What is the American dream? How has it changed through the decades and centuries, and how relevant is it today? The concept has been instrumental in the construction of a national consciousness, and has been interpreted in many different ways, from an economic perspective to a human rights one. It traces back to the American Revolution (1765–83) and what is now commonly referred to as American exceptionalism: an ideology that regards the United States as the world bearer of moral values and fundamental rights such as freedom and liberty. But the ideals embodied by the American dream involve many contradictions, and have negatively affected populations excluded from its lofty promises at different historical moments: Native Americans, African Americans, Latinx, women, immigrants, and more.
Weaving together twentieth- and early twenty-first-century documentary photographs and artworks, If Only We Could Dream Together asks viewers to consider their position as a collective voice against the backdrop of the more individual narratives encouraged by the American dream. Featuring works that alternately support and question core values—freedom, class mobility, equality—the exhibition makes a case for how visual culture, including photography, printmaking, and abstract art, has critically addressed these issues and shaped public perception.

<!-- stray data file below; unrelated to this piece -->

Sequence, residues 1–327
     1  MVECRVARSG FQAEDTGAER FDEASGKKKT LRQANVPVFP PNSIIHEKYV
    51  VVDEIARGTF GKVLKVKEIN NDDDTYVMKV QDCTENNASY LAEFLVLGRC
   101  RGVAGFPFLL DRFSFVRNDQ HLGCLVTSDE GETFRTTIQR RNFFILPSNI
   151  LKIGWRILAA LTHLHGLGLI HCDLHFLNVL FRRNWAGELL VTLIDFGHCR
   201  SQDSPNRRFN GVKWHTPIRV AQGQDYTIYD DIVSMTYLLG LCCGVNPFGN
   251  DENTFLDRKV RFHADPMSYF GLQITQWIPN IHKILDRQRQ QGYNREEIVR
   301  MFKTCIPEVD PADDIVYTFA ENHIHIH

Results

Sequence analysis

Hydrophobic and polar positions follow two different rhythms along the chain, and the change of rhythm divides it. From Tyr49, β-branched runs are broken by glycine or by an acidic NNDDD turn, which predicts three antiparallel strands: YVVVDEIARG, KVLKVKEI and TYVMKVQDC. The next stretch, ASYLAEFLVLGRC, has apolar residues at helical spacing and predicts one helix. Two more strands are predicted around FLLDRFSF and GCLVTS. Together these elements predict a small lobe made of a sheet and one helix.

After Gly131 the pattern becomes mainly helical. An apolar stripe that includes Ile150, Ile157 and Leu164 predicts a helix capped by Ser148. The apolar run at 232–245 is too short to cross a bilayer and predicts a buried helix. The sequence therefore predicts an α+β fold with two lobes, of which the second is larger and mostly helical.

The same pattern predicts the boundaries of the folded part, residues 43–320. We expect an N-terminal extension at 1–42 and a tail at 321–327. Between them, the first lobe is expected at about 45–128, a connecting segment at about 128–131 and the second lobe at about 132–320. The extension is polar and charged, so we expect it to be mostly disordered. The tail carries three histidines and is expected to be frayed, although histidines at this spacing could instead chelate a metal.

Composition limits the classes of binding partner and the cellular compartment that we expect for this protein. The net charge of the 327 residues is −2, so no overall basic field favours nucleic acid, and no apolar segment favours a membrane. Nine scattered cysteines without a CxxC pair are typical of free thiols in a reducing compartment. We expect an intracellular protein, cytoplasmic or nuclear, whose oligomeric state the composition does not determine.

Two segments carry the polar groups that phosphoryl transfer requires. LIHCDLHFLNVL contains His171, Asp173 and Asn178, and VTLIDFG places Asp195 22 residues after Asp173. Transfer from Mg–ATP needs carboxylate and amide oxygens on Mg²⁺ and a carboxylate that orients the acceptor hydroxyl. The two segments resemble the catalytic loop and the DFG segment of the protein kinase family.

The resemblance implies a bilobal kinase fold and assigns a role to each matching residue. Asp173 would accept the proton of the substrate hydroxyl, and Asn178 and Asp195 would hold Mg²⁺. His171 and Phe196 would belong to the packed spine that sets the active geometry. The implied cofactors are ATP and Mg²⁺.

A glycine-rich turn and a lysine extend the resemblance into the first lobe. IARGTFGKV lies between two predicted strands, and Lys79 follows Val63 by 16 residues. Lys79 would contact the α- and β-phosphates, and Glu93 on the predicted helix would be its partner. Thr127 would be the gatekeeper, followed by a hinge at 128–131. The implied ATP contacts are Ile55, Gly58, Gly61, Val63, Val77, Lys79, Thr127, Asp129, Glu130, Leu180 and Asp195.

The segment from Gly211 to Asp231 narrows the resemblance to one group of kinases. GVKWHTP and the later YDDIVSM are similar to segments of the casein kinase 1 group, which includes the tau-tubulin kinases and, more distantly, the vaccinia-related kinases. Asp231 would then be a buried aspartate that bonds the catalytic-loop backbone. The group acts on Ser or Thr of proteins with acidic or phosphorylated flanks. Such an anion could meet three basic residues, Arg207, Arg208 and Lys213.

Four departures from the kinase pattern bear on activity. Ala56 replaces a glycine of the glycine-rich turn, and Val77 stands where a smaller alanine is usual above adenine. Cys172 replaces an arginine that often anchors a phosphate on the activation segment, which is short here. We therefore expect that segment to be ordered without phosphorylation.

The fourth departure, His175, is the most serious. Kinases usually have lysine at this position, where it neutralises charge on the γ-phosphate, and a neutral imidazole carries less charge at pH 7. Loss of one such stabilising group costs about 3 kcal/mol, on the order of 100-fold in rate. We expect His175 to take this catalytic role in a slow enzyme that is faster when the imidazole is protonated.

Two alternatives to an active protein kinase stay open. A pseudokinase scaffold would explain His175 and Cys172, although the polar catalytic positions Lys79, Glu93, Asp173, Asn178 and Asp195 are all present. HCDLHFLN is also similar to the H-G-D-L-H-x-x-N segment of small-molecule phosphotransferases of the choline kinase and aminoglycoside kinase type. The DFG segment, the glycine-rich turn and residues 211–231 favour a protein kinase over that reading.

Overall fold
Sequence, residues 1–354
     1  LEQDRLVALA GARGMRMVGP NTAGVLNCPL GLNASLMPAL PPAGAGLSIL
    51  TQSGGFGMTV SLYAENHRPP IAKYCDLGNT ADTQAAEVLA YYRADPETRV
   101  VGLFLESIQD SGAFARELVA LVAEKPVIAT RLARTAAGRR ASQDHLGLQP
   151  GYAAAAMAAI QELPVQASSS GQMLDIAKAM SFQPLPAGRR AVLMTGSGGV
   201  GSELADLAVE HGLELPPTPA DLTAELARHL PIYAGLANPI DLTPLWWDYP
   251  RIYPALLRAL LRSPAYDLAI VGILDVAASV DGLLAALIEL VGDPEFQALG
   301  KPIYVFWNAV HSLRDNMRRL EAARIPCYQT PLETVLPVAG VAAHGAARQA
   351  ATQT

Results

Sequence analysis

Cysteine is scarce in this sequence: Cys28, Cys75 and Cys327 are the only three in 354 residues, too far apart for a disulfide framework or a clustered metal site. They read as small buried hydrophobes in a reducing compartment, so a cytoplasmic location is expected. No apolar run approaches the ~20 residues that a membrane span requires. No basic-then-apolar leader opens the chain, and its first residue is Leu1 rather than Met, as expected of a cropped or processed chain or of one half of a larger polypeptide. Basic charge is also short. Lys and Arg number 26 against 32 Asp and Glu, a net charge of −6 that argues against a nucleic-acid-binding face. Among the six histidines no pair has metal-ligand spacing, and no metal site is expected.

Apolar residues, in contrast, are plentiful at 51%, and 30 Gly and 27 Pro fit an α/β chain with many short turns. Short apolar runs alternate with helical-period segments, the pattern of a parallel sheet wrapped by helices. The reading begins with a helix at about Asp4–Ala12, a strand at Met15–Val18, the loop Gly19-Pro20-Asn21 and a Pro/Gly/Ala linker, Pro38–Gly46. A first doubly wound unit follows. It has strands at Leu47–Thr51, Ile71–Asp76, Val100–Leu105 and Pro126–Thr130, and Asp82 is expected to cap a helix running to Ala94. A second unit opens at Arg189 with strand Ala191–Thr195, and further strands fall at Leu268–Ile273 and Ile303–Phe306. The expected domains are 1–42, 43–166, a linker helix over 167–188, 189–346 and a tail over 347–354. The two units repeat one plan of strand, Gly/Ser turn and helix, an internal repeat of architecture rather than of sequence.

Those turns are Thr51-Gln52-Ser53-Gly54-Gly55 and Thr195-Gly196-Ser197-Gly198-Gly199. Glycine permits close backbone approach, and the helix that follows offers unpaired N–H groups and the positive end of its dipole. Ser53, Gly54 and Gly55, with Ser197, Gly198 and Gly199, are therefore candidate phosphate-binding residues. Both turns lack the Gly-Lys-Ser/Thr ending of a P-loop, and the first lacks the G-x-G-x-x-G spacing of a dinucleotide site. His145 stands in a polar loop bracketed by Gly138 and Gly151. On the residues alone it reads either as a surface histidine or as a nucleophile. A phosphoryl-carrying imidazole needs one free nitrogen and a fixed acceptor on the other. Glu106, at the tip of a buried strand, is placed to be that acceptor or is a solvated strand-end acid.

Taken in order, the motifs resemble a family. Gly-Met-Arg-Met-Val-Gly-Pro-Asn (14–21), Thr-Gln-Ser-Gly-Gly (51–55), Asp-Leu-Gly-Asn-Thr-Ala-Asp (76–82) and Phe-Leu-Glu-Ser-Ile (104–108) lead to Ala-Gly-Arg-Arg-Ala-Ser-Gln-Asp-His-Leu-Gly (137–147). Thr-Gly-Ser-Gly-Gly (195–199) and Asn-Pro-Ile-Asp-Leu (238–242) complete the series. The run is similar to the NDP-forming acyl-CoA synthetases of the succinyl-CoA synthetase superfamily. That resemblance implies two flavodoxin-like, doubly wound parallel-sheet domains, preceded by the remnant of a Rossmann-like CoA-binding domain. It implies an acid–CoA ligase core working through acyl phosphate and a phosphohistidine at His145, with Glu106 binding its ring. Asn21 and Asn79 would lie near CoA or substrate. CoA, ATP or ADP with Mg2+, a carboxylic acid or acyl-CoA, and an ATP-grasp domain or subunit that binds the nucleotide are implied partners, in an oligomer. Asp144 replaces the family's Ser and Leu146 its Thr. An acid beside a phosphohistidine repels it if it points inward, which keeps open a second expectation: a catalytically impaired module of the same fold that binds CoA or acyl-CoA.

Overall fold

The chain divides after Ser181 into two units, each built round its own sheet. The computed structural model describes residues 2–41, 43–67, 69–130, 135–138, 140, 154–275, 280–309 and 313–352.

If Only We Could Dream Together is organized by the Eli and Edythe Broad Art Museum at Michigan State University and curated by Carla Acevedo-Yates, Associate Curator, with support from Georgia Erger, Curatorial Assistant. Support for this exhibition is provided by a gift from an anonymous donor and the Elizabeth Halsted and Alan and Rebecca Ross endowed exhibitions funds.